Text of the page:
There's a lotta bossa nova in Brazil - and it's headed this way

Phil Johnson meets the girl from Ipanema who has reinvented the sound of Rio
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The Independent Culture

If family dynasties in music really do count for as much as they say, then the Brazilian singer Bebel Gilberto, whose début album was released last week, is halfway to success already. Her father is João Gilberto, the man even Antonio Carlos Jobim credited with the invention of bossa nova, and her mother is the singer Miucha (whom João married after he divorced Astrud Gilberto, the singer of Jobim's "The Girl From Ipanema"). As if that wasn't enough of a gene-pool to be getting on with, Miucha's brother is the singer and novelist Chico Buarque, another founding father of bossa nova. Bebel's first public appearance was suitably precocious: a concert at Carnegie Hall with her mother and Stan Getz when she was nine years old.

These days Bebel, who is 34, lives in New York, although she has spent time in both London and Paris as part, one imagines fervidly, of a rather louche international Brazilian jet-set. She knows the film director Pedro Aldomóvar, whom she met at a party at the house of Brazil's most famous singer-songwriter, Caetano Veloso, and, since moving to New York, she has worked on projects by David Byrne, Arto Lindsay and the DJ Towa Tei (of Dee-Lite), helping to reinvent bossa nova by mixing elements of her father's music with new, sample-based grooves calling on hip-hop and house.

The new album, Tanto Tempo (which means "so long" in Portuguese), is deliciously good, and the best example thus far of the new, deconstructed bossa nova associated with the impeccably hip Ziriguiboom imprint of Belgium's Crammed Discs label. You may even have heard part of the album's first track already, and in a surprising context; the instrumental loop it was based on (by British DJ and producer Amon Tobin) was used as one of the sonic backgrounds for Chris Morris's Jam television show three weeks ago. Re-working the basic loop into a version of the old-school bossa nova singer Baden-Powell's composition "Samba de Bencao", Bebel has created a dreamy, erotic, trance-music where acoustic guitars strum against a background of lazy percussion beats, overlaid with a somnambulistic trombone riff. Hearing it is like dying and going to Ipanema-heaven.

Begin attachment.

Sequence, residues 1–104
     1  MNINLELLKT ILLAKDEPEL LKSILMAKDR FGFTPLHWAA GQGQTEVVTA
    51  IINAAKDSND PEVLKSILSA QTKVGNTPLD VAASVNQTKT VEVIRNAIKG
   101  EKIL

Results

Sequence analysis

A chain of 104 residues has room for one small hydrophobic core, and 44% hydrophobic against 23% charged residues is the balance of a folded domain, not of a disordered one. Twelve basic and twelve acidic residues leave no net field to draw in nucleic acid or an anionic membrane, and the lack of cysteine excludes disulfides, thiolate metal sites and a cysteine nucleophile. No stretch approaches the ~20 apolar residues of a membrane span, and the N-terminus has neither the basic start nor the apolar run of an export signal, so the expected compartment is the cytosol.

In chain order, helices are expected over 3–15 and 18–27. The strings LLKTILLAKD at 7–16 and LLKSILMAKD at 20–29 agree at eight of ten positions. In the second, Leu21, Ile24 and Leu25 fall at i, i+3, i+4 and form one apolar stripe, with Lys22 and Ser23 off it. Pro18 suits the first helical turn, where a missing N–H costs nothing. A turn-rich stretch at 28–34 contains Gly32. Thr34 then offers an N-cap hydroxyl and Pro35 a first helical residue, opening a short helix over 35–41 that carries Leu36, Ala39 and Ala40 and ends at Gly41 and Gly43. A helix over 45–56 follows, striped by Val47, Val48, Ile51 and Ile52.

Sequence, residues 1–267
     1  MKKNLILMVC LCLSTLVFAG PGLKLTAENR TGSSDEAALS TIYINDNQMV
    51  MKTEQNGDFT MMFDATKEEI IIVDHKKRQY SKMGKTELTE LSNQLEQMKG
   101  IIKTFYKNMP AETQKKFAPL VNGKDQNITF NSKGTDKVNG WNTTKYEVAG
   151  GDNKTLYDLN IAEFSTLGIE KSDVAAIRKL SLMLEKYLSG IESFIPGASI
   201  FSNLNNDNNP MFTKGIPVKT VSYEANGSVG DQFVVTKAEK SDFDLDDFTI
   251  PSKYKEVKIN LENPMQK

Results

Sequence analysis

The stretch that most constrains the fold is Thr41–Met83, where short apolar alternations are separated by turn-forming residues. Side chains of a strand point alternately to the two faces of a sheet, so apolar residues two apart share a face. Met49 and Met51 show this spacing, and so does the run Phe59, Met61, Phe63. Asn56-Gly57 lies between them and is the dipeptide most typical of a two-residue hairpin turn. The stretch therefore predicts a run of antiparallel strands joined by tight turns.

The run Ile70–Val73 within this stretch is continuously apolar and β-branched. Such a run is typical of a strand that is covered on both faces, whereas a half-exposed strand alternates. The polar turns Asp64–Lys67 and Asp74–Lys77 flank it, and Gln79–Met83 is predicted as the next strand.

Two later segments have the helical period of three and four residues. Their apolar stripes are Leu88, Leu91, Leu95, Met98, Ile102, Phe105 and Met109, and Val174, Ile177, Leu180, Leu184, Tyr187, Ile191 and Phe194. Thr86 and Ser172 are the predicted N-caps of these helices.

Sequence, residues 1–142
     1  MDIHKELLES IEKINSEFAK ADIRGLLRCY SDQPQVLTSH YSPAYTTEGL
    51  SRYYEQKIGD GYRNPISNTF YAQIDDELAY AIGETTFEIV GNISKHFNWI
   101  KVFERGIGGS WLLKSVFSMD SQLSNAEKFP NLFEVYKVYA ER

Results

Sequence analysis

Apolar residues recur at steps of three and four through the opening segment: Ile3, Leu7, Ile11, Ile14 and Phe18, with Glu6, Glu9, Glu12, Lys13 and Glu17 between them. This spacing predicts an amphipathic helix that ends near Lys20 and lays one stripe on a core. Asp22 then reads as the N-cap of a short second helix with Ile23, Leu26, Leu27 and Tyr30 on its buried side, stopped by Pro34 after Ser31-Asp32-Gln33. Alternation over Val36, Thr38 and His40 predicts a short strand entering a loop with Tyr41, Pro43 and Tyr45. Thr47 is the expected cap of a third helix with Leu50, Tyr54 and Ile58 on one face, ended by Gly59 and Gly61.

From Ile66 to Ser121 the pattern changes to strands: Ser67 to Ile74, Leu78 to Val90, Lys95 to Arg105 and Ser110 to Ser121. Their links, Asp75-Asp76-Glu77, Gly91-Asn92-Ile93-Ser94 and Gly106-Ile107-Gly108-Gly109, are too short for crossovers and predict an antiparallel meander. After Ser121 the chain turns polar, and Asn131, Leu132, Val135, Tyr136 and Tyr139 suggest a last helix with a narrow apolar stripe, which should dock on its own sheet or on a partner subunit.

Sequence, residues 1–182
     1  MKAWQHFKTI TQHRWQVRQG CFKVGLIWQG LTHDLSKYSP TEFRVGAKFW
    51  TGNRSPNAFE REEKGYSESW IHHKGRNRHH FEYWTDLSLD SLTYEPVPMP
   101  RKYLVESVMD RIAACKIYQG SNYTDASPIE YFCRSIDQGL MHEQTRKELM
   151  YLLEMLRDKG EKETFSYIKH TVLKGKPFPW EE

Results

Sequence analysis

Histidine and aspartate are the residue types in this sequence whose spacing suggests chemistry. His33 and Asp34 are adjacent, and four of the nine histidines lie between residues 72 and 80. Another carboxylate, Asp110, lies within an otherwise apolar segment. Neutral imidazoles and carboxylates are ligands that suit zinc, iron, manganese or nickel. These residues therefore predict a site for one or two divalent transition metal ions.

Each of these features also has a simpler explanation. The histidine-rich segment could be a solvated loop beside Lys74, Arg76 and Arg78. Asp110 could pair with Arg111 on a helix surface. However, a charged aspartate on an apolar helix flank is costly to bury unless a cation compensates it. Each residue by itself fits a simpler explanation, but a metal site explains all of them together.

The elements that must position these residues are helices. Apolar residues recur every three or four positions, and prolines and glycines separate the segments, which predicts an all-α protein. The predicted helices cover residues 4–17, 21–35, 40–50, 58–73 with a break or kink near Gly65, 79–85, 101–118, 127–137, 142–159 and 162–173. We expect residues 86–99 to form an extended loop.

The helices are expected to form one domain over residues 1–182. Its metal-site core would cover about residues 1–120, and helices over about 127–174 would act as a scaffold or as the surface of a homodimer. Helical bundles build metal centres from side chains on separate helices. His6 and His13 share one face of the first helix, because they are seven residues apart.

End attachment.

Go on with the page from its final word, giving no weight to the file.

It's the best track I've heard this year, and seems destined to be picked up by a TV commercial before too long. Other collaborators on the album include the London-based producers Smoke City, whose "Underwater Love" became the soundtrack for a Levi's ad a few years ago, as well as New York's Thievery Corporation and the Beastie Boys' Mario C. The album's producer, Suba, was killed in a fire at his São Paulo studio just after the sessions for Tanto Tempo were completed.

In person, Bebel Gilberto - whom I met last week at the People's Palace restaurant at London's Royal Festival Hall - is small of stature and, so she says, a typical Carioca (that is, an inhabitant of Rio de Janeiro). She first met Suba, she says, in 1998. "I didn't know exactly who he was, but I got sent a tape he had made with samples of songs by my father, which he wanted him to approve. Later I met him in Brazil, where he was producing some singers. Then, on the night I sang with my father at his Carnegie Hall concert two years ago, Suba was there and we had dinner together afterwards. We went to meet my father, but he didn't turn up (Gilberto is notoriously shy). Bebel and Suba went on to form a team, commissioning mixes from various producers and then adding vocals to them at the studio in São Paulo, with DAT tapes of their music criss-crossing the world.

Why Bebel Gilberto has waited so long to make her début album is partly because of the burden of being João's daughter, but also because of the questionable taste of contemporary Brazilian pop music. "If I was living my father's life, I would never have been able to live my own life," says Bebel - who was something of a child star in Brazil, acting and doing TV jingles. "People ask why has it taken me so long, but I was working as my father's assistant for years, looking after his business interests. Also, what sells in Brazil is commercial samba, which is very pasteurised, and music from the north east in really bad taste, like country music. Even Caetano Veloso doesn't sell at home. But now, even though I live in New York, I feel more Brazilian than ever. It's good to feel like that, like a citizen of the world, with both an American and a Brazilian identity."

She is still interested in acting and if she could get her friend Pedro to direct a project of her choosing, she would, she says, go for a life of Carmen Miranda. "My dream is to play Carmen Miranda, because I'm short and I have a mouth that looks like hers. I think Carmen Miranda was incredible, really ahead of her time. She was an innocent in a way, but she had an amazing talent and her own style." Bebel Gilberto shakes her long hair in a passable Miranda impersonation and laughs, as if a basket of fruit is about to fall from her head at any moment.

'Tanto Tempo' is out now on Ziriguiboom Records; Bebel Gilberto plays at 'Brazil 500' at the Barbican, EC1 (020 7638 8891) on 18 July

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